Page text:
Professional impairment within the field of social work has been a concern for decades. The NASW Code of Ethics requires social workers to take action when their work (Standard 4.05) or the work of their colleagues (Standard 2.08) may be affected by impairment. Professional impairment can be detrimental for social workers, clients, and the entire social work profession. In fact, Reamer (2015) identified professional impairment as an ethical pitfall for social workers.

When delivering compassionate, competent, and ethical social work practice, engaging in professional self-care is an essential component. Exposure to stories of traumatic experiences, stressful workplace climates, having concerns for safety, and the increase in practice demands makes practicing self-care not just an idea but a professional and ethical obligation for social workers.

Professional self-care is simply acknowledging that it is time to care for oneself to prevent work burnout. “Self-care is a spectrum of knowledge, skills, and attitudes including self-reflection and self-awareness, identification and prevention of burnout, appropriate professional boundaries, and grief and bereavement” (Sanchez-Reilly et al., 2013).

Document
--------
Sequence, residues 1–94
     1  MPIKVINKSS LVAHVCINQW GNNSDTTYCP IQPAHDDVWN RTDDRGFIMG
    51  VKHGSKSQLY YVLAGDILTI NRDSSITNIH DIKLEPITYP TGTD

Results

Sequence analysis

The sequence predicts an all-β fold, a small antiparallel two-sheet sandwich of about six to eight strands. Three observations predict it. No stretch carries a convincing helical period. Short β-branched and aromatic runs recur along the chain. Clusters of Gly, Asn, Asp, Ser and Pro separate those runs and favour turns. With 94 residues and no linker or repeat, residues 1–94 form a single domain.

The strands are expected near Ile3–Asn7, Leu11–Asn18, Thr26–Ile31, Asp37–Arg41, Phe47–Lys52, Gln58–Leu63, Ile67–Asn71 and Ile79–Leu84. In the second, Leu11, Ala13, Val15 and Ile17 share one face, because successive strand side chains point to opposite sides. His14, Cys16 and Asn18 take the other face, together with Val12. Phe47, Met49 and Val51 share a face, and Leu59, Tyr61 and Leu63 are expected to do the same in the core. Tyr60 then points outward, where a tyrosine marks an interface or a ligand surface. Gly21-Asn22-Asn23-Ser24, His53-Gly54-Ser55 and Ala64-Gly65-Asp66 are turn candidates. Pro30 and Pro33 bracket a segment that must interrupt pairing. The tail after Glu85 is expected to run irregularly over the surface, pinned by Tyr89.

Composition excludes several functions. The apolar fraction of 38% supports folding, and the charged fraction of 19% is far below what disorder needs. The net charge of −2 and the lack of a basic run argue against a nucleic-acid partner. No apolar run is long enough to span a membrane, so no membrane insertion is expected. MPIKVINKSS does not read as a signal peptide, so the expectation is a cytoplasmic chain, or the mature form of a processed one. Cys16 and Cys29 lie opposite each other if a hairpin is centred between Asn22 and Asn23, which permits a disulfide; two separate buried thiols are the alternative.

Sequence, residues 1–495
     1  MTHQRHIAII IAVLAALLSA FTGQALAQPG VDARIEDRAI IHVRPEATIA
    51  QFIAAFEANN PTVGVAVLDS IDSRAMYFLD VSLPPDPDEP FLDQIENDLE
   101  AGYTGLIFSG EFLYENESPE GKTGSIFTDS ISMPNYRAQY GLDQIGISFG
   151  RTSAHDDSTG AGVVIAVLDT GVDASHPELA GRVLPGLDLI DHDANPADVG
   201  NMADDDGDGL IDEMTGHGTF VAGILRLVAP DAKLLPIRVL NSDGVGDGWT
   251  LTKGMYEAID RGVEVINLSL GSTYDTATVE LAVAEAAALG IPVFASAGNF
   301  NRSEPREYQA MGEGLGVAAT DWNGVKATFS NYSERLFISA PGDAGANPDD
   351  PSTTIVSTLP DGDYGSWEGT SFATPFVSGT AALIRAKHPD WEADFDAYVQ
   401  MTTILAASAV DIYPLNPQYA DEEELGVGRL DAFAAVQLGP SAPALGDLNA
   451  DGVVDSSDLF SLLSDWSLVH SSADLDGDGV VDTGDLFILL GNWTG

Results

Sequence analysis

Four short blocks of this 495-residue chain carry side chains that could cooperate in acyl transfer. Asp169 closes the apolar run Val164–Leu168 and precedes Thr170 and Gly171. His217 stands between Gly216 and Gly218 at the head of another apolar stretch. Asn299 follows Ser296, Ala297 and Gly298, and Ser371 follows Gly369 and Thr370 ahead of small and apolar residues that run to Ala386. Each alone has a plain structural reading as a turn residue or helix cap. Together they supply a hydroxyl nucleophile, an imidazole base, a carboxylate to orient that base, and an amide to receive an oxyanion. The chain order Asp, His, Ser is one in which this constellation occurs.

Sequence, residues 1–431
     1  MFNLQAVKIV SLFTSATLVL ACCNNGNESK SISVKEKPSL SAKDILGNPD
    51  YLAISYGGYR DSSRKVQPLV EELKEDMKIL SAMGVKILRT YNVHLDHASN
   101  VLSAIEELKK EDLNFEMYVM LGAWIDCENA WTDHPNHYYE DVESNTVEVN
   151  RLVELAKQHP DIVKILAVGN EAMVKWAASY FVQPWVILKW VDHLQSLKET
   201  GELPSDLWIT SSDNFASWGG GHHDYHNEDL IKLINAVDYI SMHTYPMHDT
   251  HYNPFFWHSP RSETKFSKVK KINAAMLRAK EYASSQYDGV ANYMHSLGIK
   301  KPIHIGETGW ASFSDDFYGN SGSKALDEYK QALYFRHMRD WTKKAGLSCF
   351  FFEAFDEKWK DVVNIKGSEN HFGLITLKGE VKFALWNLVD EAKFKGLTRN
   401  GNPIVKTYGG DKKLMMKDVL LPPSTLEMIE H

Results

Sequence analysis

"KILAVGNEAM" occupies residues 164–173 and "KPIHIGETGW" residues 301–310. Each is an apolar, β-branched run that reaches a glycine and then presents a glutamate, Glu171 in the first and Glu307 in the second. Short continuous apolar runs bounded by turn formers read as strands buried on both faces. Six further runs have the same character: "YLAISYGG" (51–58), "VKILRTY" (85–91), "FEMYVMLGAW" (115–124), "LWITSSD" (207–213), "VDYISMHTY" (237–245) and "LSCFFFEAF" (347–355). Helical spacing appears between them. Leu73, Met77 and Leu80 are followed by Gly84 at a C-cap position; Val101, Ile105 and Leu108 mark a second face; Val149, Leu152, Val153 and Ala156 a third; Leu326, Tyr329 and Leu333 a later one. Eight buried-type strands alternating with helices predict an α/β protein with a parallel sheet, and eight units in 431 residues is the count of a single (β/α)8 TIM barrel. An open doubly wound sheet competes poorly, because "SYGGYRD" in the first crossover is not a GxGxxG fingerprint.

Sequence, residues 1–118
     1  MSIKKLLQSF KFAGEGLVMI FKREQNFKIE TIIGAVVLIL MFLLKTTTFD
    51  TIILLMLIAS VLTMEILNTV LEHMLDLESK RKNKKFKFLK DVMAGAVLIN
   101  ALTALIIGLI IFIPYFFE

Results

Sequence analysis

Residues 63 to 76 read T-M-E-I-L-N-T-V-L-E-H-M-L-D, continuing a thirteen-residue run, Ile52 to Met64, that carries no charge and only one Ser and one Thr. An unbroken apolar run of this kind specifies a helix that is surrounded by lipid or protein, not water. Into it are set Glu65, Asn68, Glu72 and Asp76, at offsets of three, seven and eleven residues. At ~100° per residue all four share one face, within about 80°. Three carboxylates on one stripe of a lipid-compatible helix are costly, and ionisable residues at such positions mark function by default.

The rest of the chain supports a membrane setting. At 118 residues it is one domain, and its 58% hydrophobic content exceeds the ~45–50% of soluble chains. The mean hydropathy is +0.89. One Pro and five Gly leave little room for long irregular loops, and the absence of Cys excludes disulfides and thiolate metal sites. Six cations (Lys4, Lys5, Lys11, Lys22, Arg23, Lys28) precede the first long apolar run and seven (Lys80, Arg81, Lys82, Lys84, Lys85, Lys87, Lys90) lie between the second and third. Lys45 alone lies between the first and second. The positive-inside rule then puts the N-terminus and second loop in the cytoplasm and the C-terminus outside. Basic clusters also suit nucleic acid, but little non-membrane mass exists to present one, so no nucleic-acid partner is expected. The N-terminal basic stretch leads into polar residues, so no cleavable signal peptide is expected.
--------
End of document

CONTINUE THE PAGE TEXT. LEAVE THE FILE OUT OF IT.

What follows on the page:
Carrying the honorable title of social worker and being considered an essential worker has many hidden pressures that one endures daily working within the profession. You may sometimes ask yourself, “How can I save myself?” “How can I allow myself to even think about myself?” “I am in a profession of helping others, which means I am professionally obligated to serve. How could I think about myself?” And, “Where is the time to even do that?”